How many of your former clients are now rueing their push for more open plan living in their custom homes? How many of you pros are regretting your own floor plans? Those shared open spaces are a privacy and acoustical nightmare these days, when we’re all on camera and occasionally having to unmute our microphones, too. Barking dogs, yowling cats, squabbling children are just some of the threats to work hygiene during the weekdays at home.

Not long ago, we all reveled in the liberty that laptops and tablets provided us, allowing us to work from the kitchen island or sprawled on the family couch. They freed us from being tethered to a desk or a dedicated home office. That was all fine and dandy when the work being done was light, after-hours stuff, but it’s woefully inadequate for the important Zoom meeting with your client or banker—or the final push to complete a project on deadline. Focused spaces support focused work. And when we toil in common areas of the house, we also blur the boundaries between work time and personal time—to the detriment of both. The global pandemic had taught us or reminded us of the importance of good work-from-home hygiene for every member of the family.

Going forward, your clients will come to you with shifted values and a renewed appreciation for separate home offices that can close off with a proper door, homework stations for children that vary in autonomy depending on the child’s age, and spaces for dogs to lounge where they can’t see the arrival of the UPS truck. This is where the ingenuity of the architect is a beautiful thing. If you find yourself with some downtime, you might sketch up some home office concepts and put them on your website. Solutions for small houses and flex spaces are especially precious.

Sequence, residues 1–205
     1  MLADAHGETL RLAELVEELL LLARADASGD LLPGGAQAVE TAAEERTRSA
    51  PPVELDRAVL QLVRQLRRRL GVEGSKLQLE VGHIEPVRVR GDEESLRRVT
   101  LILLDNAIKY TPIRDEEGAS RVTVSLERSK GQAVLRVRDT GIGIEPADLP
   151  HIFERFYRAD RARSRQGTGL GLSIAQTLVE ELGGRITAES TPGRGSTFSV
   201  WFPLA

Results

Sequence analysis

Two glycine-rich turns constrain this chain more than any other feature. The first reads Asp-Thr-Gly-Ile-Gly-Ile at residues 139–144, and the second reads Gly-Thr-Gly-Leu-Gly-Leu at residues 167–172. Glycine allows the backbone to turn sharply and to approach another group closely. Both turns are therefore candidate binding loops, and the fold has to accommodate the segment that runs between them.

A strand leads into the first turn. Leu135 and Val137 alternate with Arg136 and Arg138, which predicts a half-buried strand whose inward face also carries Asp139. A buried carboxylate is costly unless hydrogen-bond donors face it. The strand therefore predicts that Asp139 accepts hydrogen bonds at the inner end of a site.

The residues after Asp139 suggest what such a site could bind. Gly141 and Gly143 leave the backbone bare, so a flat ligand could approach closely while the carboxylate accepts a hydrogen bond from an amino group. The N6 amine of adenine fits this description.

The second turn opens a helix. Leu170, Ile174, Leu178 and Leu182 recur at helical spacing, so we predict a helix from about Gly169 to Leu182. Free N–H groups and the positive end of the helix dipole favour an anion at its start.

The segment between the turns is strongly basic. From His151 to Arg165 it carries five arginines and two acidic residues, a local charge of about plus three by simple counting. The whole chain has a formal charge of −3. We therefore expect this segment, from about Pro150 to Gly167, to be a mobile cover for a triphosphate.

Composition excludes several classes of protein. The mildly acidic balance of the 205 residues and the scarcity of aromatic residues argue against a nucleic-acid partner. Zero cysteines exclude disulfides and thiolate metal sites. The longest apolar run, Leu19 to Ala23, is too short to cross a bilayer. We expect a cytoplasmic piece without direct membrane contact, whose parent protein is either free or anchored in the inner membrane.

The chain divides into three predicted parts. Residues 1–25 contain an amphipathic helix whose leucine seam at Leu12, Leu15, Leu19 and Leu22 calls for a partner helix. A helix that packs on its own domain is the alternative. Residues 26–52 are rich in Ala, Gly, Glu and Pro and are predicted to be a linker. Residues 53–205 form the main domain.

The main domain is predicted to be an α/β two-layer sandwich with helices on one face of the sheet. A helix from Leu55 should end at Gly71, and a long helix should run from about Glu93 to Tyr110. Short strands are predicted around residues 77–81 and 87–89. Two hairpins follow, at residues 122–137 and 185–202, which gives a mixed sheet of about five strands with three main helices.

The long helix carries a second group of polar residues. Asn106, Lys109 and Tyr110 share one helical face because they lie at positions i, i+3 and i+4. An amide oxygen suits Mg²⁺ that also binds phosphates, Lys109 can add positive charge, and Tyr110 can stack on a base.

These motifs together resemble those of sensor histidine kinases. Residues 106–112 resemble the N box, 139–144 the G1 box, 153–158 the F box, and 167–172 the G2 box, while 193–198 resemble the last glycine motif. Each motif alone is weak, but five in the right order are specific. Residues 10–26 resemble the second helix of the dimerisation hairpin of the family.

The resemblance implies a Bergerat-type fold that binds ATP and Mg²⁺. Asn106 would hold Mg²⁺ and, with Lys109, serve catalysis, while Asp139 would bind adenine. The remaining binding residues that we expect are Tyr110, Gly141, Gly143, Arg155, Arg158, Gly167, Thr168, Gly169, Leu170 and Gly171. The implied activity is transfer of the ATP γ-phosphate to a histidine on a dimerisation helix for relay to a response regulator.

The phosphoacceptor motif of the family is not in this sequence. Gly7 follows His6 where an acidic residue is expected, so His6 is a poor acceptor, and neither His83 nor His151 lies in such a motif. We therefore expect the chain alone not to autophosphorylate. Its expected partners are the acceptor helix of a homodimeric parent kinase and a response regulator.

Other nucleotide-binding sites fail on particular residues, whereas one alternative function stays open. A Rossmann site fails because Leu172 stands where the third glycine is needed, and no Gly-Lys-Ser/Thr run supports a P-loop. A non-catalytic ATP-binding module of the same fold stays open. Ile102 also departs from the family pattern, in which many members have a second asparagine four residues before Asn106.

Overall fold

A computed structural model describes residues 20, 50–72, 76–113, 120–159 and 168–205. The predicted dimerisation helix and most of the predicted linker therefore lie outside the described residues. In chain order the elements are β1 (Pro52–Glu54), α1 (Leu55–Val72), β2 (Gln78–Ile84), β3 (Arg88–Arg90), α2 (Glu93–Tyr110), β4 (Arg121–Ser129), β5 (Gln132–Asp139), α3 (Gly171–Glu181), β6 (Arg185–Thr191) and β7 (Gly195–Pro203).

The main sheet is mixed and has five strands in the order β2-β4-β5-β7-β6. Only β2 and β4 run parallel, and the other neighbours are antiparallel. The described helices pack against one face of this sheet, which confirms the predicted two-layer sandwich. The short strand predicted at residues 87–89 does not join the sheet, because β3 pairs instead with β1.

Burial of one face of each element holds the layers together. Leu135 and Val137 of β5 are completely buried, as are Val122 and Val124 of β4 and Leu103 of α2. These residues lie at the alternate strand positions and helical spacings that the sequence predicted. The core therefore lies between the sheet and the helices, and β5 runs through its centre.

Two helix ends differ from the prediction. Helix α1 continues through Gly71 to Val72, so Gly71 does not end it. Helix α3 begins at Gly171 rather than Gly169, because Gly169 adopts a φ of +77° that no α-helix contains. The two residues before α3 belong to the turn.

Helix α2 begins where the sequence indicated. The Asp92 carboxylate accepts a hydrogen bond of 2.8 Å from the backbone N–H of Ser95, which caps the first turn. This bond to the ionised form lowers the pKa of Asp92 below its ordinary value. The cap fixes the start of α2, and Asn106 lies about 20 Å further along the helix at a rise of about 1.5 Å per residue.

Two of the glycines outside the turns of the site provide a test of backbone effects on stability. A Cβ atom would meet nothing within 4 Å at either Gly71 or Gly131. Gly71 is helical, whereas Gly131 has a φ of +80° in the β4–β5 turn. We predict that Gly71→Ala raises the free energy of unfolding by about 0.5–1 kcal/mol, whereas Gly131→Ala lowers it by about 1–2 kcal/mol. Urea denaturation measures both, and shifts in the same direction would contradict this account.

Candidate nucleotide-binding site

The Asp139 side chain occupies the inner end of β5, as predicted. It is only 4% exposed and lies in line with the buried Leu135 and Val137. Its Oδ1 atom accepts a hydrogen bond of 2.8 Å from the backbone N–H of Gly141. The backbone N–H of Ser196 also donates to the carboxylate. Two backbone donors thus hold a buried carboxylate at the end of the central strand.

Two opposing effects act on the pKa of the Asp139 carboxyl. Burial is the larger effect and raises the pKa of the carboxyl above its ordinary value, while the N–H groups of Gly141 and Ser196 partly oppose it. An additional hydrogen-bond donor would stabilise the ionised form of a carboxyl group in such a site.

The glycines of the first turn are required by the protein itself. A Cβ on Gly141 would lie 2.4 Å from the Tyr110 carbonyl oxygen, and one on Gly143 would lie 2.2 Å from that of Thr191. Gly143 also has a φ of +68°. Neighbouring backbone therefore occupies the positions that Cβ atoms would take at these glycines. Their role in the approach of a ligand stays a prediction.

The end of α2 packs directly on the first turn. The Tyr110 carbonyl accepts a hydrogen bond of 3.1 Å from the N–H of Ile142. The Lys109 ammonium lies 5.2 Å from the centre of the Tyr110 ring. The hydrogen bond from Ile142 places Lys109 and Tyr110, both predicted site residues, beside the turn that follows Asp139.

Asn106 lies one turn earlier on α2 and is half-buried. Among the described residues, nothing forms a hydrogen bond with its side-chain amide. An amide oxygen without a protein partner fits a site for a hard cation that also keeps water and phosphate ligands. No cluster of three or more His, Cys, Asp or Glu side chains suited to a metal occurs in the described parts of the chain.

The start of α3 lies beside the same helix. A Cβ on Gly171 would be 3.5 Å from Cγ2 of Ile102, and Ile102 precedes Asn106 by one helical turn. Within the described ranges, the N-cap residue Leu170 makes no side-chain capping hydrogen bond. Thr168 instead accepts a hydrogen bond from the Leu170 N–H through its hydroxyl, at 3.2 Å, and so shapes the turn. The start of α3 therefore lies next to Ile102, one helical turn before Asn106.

If there can’t be a private office for each household member who may need one, you could take a page from commercial office solutions—the “phone booth,” for instance, a small room with a door that closes shared by the family based on video conference schedules. Additional workstations with lesser measures of privacy should be part of the mix as well, such as a cabinet that opens into a desk. And, of course, lightly used spaces can double as overflow work areas. Finally, a purpose for the formal dining room!

You might tap some of the tricks of the trade from savvy designers of commercial office space and develop rigorous knowledge about office air quality, lighting, ergonomics, storage, visual and physical access to the outdoors, and the myriad of other elements of high functioning workspaces. There’s an art and a science to the discipline, and understanding both can set you apart from the pack.

While you’re doing all that, we’ve compiled a collection of home offices, hobby spaces, and smaller workstations to pique your imaginations and jumpstart your problem solving skills. But, don’t abandon all the open space in those future houses you design, as we are likely to find those precious as well when we try to gather again safely in small groups.